To end on a happy note, though, we are thrilled that we have Doc in our lives, a dog we would never have met if Shelby had not run away on that fateful day. Yesterday Max and Doc celebrated Doc's year with our family with a seasonally appropriate snowman cookie.


2 comments:

  1. Aw, I love the pictures of baby Maxwell and Matt's first kiss. If only we knew then extent of his kisses! Also the picture at the end, what a goof, he has no shame!

    I'm happy that Doc has been so perfect for you guys too. It is amazing what fortune comes from heartache and loss.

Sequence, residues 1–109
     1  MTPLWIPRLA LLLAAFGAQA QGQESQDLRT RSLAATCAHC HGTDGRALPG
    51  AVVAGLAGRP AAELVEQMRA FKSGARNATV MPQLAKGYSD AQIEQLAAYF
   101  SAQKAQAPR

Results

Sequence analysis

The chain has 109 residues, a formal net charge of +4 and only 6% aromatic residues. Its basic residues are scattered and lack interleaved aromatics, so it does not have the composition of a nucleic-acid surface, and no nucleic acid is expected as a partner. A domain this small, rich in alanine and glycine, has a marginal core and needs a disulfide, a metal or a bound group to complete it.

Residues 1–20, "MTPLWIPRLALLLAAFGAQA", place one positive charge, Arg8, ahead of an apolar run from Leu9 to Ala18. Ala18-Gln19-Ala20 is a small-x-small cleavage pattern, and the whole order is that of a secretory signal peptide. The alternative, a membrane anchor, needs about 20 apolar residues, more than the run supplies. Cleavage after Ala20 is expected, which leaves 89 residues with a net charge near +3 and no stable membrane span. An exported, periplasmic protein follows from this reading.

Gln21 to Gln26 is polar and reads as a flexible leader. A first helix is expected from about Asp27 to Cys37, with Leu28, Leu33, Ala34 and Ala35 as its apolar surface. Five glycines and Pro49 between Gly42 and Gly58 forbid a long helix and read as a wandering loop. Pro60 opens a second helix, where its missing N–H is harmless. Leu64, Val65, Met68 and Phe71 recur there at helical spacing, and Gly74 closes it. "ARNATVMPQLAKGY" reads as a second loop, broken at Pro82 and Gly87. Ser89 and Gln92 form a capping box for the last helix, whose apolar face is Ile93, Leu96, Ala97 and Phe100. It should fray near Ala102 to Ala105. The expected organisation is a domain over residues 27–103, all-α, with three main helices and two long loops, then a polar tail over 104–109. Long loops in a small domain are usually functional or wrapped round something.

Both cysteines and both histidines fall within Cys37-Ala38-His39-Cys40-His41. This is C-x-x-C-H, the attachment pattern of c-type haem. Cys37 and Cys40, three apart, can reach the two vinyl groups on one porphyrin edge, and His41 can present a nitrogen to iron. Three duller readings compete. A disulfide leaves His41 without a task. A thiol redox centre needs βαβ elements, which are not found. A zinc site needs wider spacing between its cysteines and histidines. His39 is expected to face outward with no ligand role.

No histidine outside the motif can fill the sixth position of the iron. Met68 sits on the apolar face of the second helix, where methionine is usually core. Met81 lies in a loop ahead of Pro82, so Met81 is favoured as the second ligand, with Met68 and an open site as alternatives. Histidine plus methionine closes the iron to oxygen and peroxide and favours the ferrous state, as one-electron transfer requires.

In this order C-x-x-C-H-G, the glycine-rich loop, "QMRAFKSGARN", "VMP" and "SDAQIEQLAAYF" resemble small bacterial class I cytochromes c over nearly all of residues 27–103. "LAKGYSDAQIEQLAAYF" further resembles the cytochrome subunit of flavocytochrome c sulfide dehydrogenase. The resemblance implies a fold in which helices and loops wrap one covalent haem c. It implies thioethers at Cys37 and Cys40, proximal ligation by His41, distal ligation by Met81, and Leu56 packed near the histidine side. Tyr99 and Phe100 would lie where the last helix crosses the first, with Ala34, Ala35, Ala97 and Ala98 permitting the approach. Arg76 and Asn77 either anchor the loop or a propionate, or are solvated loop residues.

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  2. Great story and important warning. Rescue groups vary wildly in their experience and professionalism, as well as their motives. Some want to just "save dogs," regardless of the human fallout and some are truly interested in the human/animal relationship. As a sidenote, you were lucky you "qualified" for Doc. Some of these groups are so fanatical about their requirements that if you have ever had a dog run away, be hit by a car, or turned one in to a shelter (even for aggression), you are immediately on the DNA (Do Not Adopt) list, which they proceed to circulate to as many other rescuers as possible. Rescue draws the best of people and the worst, and it's unfortunate that most people do not check them out before getting involved. It can be a very painful experience. You ran into one of the whack-jobs with the anonymous phone caller. She is, unfortunately, one of a large, self-stroking group that does nothing to promote rescue as a source of pets. But I'm on a tangent. I meant to say; This is the first time I have visited your blog and I love it! Thanks!